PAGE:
Financial Mistakes Most People Make as Investors - Ideal REI

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Financial Mistakes Most People Make as Investors

At one point or another during life, everyone has made some questionable financial decisions.

I still remember that amazing $50,000 truck with leather seats, dvd players in the…. ok I digress.

The point is, I’ve made my share of mistakes too.

However, the real problems start to mount up when you don’t learn from these mistakes and you continue making them for months or even years.

The further down the path you go of financial mismanagement, the harder it is to grab and turn the wheel to get back on course. If you don’t learn and keep making those mistakes, you can find yourself drowning in debt and close to bankruptcy, foreclosure, or other financial perils.

Common Financial Mistakes Everyone Makes

To shed some light on potential financial errors which you may be making, I’m going to describe just a few of the most common ones out there. These are the ones that I see over and over again.

1. Not Insuring Yourself Properly

A lot of people think insurance is a waste of money…and it kind of is.

Insurance is simply spreading the risk around so everyone in the insurance pool is paying for all of the inevitable problems that arise.

Any year that you don’t make a claim, you are absolutely paying for someone else’s claims.

So there is a tendency to underinsure or get cheap policies. I’m guilty of it myself.

A great example in real estate is that many people will get an actual cash value policy equal to what the paid for the property. So, let’s say I bought a rental property for $100k, I’d get a policy for $100,000 and be done with it.

So, if there is a fire, I sell the lot, take my cash, and move on.

This does not cover any loss of rent you’ll have, lost equity, appreciation, etc. You’ll get back your original investment and nothing more.

A replacement cost policy will help you rebuild the building.

Insurance is really complex and detailed, so it’s too much to get into all of it. But, don’t skimp on insurance because you can find yourself in a bind when it comes time for a disaster.

2. Paying Full Retail Price

OK, it sounds kind of weird, but it’s so true!

In today’s world of internet shopping, there is less and less of a need to pay full retail price. It’s especially true for real estate professionals!

When you are looking to buy something, you should always take the time to shop around and find out what sort of deals are available to you. When you are working on a rehab and the budget is $50,000, if you can shave off even 5% of that cost by shopping around, it will add $2,500 to your bottom line.

Think about that for a minute.

Not only does this method stop you from overpaying, it also gives you a moment to think and decide whether or not what you were thinking of buying is actually a worthwhile investment.

3. Paying Interest, Bank Fees, or Late Fees

Bank and late fees are not going to get you anywhere and neither is interest.

There are so many credit cards with introductory rates, there is really no reason you should have to make interest payments. This is especially true for that new rehab project.

If the rehab project lasts 6 or 9 months, chances are your card has a 6 or 12 month intro period with 0% APR.

Also, you can use store financing at 0% at many big stores which allows you to grab ten thousand or more in purchases and pay no interest until you sell or refinance.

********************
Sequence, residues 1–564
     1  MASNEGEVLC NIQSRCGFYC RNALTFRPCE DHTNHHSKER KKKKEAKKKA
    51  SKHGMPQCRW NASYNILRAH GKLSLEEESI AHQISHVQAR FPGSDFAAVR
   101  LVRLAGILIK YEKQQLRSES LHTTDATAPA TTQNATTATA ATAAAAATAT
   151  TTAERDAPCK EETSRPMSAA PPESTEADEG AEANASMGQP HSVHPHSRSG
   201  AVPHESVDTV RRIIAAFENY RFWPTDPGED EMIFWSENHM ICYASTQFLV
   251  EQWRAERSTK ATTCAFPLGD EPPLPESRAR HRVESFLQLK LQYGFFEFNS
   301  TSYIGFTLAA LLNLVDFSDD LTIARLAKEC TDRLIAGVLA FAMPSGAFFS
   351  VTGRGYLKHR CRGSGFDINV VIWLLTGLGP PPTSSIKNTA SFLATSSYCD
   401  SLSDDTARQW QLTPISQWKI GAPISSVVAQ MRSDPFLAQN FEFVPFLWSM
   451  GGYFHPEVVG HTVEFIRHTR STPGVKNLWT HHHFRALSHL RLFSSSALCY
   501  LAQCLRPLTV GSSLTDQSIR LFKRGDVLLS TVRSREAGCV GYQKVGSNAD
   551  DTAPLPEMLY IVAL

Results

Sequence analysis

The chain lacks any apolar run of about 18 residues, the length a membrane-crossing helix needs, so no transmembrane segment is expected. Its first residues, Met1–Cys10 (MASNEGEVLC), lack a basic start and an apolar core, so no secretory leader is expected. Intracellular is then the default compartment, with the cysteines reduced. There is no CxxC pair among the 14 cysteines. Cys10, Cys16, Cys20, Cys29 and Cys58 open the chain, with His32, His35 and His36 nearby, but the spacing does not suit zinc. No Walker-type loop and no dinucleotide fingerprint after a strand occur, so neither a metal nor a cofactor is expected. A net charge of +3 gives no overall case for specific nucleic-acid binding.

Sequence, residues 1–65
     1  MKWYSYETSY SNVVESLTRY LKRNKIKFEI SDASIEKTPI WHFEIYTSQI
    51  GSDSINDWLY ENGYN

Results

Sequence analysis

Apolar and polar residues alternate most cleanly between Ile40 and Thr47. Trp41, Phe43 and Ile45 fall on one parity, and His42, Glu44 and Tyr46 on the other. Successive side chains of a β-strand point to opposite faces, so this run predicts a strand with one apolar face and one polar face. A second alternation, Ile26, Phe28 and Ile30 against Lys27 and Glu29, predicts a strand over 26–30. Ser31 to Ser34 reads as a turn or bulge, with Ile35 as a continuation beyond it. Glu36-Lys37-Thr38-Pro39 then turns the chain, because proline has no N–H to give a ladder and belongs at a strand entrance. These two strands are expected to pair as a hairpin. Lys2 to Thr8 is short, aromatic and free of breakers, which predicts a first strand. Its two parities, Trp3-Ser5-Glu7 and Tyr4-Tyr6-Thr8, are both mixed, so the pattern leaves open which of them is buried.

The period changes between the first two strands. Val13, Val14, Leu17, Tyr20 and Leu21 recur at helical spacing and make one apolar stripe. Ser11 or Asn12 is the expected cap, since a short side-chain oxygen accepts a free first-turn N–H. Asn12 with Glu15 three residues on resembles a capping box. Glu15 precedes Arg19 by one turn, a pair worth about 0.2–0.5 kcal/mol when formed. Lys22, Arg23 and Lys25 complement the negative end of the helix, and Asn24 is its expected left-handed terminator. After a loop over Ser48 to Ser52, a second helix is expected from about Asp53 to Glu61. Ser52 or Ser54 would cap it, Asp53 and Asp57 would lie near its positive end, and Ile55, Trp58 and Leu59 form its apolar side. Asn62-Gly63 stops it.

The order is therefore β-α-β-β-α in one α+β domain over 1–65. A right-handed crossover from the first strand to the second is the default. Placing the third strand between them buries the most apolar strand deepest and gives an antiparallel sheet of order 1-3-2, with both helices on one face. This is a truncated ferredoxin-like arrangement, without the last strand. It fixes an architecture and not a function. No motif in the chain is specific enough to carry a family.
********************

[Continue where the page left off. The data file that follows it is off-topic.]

This interest can easily mount up over time and add thousands to your total costs. Shave this off and add to your bottom line!

4. Not Using Other People’s Money

A lot of investors like to do it all with their own money.

Some investors like to get loans and pay them down for 3 decades until the balances are 0.

While it’s great to be totally independent, it’s better to increase your returns and make a killing on your deals!

Think about it this way, if you earn $25,000 on a flip and your total investment was $100,000, you earned 25%. Not bad, right?

If you borrowed half and used the other half as your own cash, you’d have to pay some fees. Let’s say you paid $5,000 in interest (I’m picking a really high number here just to illustrate my example).

$20,000 return on $50,000 invested is a 40% return. Even paying a crazy high-interest rate, you still earn a ton more!

5. Leaving Too Much Money in the Bank

It’s important to have reserves, but it’s bad to leave your money sitting around.

If your money is not actively invested somewhere, you’re losing money.

I know you want to wait for the “perfect” deal. But, think about it a different way. If you are waiting to find a deal with a 15% return and you waste 6 months before finding it, your return for the year is cut in half to 7.5%.

you would have been better off finding a deal at 9% at the beginning than waiting half the year to find one at 15%.

6. Not Using Credit Card Points

It might be easier to let your contractor pay for all the materials, but then you’re missing out on all the credit card points!

If you can, always pay for the bulk of materials so you can get the tens of thousands of points which you can redeem for travel (my favorite), cash back, or other cool things!

Your Turn

What other common mistakes are people making as investors?

About the Author Eric Bowlin

Eric is an investor that achieved financial independence at the age of 30. He started in 2009 with the purchase of his first triplex and now owns over 470 rental units. He spends his time with his family, growing his businesses, diversifying his income, and teaching others how to achieve financial independence through real estate. Eric has been seen on Forbes, Trulia, WiseBread, TheStreet, Yahoo Finance and other financial publications. You can contact Eric by emailing him at [email protected] or with this contact form

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